National Fisherman


California's chinook salmon may be expanding their territory a bit further south with a so-called "experimental" population newly approved for the San Joaquin River upstream of its confluence with the Merced River, south of Modesto.
 
The move, announced by the National Marine Fisheries Service (NMFS) in the Federal Register on December 31, may bring spring-run Chinook salmon back to the San Joaquin River system for the first time in more than 60 years. NMFS would likely use spring-run Chinook from Butte Creek, the largest remaining run of spring-run Central Valley Chinook, to repopulate the San Joaquin.
 
It's a remarkable development for the San Joaquin River, which for decades had so much water diverted from its bed to water crops that it often ran dry for a 60-mile stretch northwest of Fresno.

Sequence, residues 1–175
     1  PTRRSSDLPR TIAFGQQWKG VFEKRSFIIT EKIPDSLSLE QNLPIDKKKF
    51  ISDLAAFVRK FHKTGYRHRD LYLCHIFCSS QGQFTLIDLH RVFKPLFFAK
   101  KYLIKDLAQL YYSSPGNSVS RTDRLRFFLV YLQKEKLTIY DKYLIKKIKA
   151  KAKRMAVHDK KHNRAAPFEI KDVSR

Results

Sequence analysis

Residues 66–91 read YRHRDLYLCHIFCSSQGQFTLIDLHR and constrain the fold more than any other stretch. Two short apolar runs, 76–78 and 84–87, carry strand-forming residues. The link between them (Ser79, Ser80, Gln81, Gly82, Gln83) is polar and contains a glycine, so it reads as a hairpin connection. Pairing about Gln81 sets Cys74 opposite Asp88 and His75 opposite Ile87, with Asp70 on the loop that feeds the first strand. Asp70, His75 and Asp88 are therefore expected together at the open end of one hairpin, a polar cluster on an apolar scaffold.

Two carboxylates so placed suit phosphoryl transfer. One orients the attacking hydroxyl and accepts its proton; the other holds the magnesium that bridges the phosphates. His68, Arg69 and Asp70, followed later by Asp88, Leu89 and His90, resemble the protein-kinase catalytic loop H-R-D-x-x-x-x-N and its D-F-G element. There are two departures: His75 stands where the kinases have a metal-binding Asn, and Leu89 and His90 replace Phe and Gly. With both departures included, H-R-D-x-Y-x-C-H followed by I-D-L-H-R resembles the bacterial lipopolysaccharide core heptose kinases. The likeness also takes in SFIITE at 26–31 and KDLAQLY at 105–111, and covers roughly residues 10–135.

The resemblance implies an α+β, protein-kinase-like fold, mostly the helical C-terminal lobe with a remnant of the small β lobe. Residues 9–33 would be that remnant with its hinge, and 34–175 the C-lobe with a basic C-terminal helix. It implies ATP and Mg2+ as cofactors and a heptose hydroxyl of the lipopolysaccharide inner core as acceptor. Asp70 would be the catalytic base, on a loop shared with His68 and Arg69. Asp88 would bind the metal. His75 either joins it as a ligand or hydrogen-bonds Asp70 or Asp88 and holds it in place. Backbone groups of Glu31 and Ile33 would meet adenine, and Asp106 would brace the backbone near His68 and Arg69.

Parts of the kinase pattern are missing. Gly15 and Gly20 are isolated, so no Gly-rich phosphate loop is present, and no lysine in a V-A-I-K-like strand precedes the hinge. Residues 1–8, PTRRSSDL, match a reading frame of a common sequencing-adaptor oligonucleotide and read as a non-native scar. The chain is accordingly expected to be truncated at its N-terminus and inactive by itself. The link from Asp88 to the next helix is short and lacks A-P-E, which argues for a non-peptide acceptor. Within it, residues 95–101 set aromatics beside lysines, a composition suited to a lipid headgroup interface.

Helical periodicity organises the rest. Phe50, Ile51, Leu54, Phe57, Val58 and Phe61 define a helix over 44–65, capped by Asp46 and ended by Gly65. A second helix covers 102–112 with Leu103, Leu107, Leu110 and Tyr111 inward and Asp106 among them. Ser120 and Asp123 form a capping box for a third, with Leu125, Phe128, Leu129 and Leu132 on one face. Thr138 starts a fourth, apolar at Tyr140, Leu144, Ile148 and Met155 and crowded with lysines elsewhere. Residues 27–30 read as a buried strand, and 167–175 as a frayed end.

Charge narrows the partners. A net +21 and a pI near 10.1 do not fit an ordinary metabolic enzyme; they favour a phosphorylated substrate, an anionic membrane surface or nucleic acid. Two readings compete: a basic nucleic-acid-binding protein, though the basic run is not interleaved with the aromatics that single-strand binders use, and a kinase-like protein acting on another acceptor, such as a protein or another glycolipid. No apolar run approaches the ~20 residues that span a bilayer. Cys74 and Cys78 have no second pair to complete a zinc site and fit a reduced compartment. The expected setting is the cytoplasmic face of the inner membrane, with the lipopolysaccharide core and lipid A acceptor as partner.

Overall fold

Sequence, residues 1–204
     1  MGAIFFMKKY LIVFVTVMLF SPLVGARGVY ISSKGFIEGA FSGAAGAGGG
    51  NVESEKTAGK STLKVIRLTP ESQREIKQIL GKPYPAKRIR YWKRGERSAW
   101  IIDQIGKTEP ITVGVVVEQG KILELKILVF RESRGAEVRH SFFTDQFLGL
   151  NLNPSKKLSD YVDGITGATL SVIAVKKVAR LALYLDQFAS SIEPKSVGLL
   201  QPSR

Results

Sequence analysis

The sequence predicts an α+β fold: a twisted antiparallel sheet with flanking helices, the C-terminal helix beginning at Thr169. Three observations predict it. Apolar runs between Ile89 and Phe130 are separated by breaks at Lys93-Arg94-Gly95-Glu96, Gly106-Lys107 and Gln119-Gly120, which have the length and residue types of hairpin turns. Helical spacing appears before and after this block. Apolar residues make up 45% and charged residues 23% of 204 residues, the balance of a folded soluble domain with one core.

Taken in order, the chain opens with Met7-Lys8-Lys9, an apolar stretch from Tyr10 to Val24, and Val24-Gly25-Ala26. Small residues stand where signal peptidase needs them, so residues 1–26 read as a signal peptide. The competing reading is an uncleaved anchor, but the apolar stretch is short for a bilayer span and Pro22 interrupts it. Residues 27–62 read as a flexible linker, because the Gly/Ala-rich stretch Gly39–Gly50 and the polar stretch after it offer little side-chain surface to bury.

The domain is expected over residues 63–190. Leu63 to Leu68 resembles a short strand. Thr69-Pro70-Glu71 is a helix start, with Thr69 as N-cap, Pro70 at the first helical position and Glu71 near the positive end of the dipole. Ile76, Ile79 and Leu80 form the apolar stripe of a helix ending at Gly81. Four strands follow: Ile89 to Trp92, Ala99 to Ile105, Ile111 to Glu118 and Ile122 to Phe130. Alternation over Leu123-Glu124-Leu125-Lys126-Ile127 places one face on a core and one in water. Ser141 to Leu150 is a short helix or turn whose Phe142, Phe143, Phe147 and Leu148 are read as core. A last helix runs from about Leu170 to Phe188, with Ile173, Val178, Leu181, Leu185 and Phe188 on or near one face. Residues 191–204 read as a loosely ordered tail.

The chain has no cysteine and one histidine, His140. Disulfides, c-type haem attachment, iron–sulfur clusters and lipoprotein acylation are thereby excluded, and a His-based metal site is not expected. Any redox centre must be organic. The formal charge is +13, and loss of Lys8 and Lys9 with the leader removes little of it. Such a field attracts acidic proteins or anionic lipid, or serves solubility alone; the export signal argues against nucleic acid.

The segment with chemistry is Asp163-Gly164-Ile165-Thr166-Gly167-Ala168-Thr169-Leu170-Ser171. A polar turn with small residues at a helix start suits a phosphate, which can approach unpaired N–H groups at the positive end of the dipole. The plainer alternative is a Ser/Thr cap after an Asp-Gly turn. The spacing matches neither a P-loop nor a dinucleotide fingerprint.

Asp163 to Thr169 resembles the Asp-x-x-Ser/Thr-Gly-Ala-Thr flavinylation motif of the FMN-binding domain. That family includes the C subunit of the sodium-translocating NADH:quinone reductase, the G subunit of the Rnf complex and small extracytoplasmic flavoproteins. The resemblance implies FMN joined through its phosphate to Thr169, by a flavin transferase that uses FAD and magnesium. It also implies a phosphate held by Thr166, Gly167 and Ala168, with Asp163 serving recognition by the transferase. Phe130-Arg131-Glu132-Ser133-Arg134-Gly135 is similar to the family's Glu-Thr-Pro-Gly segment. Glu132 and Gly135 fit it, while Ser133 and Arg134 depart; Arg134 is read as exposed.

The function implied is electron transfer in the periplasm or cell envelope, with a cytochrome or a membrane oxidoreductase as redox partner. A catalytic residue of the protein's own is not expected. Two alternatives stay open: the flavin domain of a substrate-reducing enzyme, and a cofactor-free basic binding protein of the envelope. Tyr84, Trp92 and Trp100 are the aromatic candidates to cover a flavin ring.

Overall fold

Read the full story at KCET-TV>>

Inside the Industry

Fishermen throughout the Gulf of Mexico are praising Louisiana officials for a series of strong decisions last week that have broken the deadlock of red snapper management in the Gulf of Mexico.

Read more...

According to the Portland Press Herald, the Maine Seaweed Festival has been canceled this year due to a rift between the event’s organizers and seaweed harvesters.

Read more...
Try a FREE issue of National Fisherman

Fill out this order form, If you like the magazine, get the rest of the year for just $14.95 (12 issues in all). If not, simply write cancel on the bill, return it, and owe nothing.

First Name
Last Name
Address
Country
U.S. Canada Other

City
State/Province
Postal/ Zip Code
Email